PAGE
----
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Hugo (2011)

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Ratings: 7.6/10 from 192,078 users   Metascore: 83/100
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Set in 1930s Paris, an orphan who lives in the walls of a train station is wrapped up in a mystery involving his late father and an automaton.



(screenplay), (book)
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Title: Hugo (2011)

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Won 5 Oscars. Another 45 wins & 104 nominations. See more awards »



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Cast overview, first billed only:
Monsieur Labisse
Mama Jeanne
Rene Tabard
Madame Emilie
Young Tabard
Shaun Aylward ...
Street Kid


Hugo is an orphan boy living in the walls of a train station in 1930s Paris. He learned to fix clocks and other gadgets from his father and uncle which he puts to use keeping the train station clocks running. The only thing that he has left that connects him to his dead father is an automaton (mechanical man) that doesn't work without a special key. Hugo needs to find the key to unlock the secret he believes it contains. On his adventures, he meets George Melies, a shopkeeper, who works in the train station, and his adventure-seeking god-daughter. Hugo finds that they have a surprising connection to his father and the automaton, and he discovers it unlocks some memories the old man has buried inside regarding his past. Written by napierslogs

Plot Summary | Plot Synopsis


One of the most legendary directors of our time takes you on an extraordinary adventure.

Motion Picture Rating (MPAA)

Rated PG for mild thematic material, some action/peril and smoking | See all certifications »

Parents Guide:



Official Sites:

| |  »



Release Date:

23 November 2011 (USA)  »

Also Known As:

The Invention of Hugo Cabret  »

Box Office


$170,000,000 (estimated)

Opening Weekend:

$11,364,505 (USA) (18 November 2011)


$73,820,094 (USA) (6 April 2012)

Company Credits

Show detailed on  »

Technical Specs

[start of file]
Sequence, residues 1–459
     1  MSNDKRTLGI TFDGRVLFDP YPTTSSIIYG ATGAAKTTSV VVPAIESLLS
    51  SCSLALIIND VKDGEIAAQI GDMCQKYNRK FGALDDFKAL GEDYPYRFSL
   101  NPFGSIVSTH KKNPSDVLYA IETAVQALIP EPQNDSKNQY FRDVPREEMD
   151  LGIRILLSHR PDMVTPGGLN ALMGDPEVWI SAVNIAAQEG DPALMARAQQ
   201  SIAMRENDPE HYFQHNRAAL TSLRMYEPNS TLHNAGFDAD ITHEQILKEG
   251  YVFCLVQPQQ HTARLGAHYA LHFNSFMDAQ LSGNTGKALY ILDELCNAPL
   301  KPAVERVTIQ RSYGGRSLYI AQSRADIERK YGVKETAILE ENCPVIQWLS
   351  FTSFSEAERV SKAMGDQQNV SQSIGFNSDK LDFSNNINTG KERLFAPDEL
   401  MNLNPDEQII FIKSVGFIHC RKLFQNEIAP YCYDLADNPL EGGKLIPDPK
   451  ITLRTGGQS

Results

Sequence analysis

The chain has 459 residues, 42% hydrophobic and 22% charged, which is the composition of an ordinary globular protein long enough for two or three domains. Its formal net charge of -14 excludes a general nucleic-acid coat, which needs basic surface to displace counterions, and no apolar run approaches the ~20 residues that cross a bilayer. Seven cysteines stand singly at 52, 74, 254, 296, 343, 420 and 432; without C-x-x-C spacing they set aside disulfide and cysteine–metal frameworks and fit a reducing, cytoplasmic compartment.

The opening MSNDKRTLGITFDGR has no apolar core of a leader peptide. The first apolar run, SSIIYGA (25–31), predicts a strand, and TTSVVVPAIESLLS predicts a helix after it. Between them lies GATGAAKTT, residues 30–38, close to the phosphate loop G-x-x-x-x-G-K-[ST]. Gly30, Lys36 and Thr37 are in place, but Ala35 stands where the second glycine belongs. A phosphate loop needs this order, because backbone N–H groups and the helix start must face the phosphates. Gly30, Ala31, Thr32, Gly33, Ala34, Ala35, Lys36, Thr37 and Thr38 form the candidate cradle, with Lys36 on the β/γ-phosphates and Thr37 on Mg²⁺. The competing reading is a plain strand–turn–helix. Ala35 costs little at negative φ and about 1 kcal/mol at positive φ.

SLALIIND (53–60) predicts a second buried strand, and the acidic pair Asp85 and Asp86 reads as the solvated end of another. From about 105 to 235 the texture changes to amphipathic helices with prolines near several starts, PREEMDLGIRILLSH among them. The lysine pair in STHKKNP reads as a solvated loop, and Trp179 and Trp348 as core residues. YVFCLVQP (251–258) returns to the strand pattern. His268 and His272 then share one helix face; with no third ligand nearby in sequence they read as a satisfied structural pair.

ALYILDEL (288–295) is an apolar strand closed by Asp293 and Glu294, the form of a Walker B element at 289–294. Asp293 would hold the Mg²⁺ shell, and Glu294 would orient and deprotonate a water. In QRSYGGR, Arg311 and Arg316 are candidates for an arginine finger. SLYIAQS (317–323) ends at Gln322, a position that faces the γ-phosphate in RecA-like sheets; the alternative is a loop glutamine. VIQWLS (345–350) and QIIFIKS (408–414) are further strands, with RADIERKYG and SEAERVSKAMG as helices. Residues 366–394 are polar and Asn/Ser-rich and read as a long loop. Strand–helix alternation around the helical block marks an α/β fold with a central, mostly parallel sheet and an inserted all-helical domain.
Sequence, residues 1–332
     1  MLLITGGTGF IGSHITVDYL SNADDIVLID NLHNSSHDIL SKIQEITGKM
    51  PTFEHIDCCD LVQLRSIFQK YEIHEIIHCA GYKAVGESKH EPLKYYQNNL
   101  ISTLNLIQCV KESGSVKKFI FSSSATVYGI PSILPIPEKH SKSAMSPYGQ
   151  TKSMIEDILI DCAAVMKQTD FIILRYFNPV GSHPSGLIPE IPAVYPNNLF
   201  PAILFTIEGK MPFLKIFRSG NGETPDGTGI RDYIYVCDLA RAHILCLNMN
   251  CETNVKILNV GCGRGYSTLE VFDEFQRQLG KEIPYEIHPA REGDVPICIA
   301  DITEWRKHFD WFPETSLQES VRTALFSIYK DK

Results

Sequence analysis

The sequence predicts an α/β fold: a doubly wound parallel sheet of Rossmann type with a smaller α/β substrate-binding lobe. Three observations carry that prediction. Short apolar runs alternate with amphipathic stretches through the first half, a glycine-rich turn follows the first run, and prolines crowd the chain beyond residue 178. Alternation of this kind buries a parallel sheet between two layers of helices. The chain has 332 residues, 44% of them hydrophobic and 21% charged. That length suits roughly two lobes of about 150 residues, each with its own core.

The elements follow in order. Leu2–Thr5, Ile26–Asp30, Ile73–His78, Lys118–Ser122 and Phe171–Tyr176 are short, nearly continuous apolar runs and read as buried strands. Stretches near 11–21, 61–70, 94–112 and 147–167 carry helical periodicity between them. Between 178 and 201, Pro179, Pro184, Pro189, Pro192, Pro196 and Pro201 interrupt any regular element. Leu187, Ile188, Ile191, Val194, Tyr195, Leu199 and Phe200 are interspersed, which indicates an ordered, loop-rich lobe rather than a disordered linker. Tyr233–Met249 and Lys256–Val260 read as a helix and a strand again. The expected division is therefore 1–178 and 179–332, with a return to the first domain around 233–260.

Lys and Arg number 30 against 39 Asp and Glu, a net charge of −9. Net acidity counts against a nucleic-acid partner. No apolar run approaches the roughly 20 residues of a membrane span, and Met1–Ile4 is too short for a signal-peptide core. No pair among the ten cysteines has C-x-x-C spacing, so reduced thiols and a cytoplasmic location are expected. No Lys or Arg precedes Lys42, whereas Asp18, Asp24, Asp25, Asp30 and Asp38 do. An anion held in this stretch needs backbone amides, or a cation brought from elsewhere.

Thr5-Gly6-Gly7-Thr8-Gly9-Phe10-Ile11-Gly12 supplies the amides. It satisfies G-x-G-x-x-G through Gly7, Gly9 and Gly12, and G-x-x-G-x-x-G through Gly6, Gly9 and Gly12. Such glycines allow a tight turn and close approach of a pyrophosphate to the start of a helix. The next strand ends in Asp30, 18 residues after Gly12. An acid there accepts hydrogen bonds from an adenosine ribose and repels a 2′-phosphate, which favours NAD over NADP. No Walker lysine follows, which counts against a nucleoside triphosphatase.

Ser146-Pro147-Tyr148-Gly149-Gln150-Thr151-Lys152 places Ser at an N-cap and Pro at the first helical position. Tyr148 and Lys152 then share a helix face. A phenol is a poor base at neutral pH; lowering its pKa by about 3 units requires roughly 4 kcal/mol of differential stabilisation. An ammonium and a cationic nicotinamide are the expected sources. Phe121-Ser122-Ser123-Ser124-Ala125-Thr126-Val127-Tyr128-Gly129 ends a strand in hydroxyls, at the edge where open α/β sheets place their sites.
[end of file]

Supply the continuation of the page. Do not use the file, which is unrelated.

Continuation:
Sound Mix:

| |


Aspect Ratio:

1.85 : 1
See  »

Did You Know?


Martin Scorsese's first feature film to be shot in the 1.85:1 aspect ratio since Goodfellas (1990). See more »


The movie is set in 1931. But the Django Reinhardt character is shown with a Selmer Maccaferri oval-hole guitar, which was not introduced until 1936. Also, he looks a bit older than the real Django, who would have been just barely 21. See more »


Isabelle: [wonders if she dares to ask the question] Where do you live?
Hugo Cabret: [Hugo looks at her for a minute, then turns and points to the giant clock at the train station across the bridge] There.
See more »

Crazy Credits

There is only one opening credit, the film's title, which does not appear until nearly 15 minutes into the film. See more »


Features Arrival of a Train at La Ciotat (1896) See more »


Aubade Charmeuse
Written by Jean Peyronnin
Produced by Jean Michel Bernard
Performed by Les Primitifs du Futur
See more »

Frequently Asked Questions

See more (Spoiler Alert!) »

User Reviews

Hugo Cabret Goes "Nowhere" in a Hurray!
4 December 2011 | by (United States) – See all my reviews

Hugo Cabret has been so obscenely overrated by many "Bandwagon" Reviewers that it is sickening! Just because Martin Scorssese directs a movie, doesn't make it "great". He's had plenty of lousy directing jobs. But the Hollywood "elite" jump right on the bandwagon to justify anything that Spielberg, Scorsesse, Abrams, etc. do even when they suck. I went for the "godly" reviews but ended up disappointed.

I saw Hugo 3D tonight and found it extremely slow and boring. After 30 minutes the lady next to me kept asking, is it going to get better. I could only nod in agreement. Being that this is tauted as Scorsesse's first family film, I doubt many families would be able to sit through this too lengthy debacle of boredom. At a price tag of about $170,000,000, your grandfather could have been given 2 months of directing lessons and made just as good a movie at half the cost. They spared no expense in making this movie and probably as much in the "hype-up" money spent on marketing.

Better yet, Paramount should have saved 3/4 of the money and had Marty direct a real "family" movie. With a few of Marty's super duper camera angles, throw in 3D, some subdued lighting and dialogueless scenes and it would become a "Masterpiece".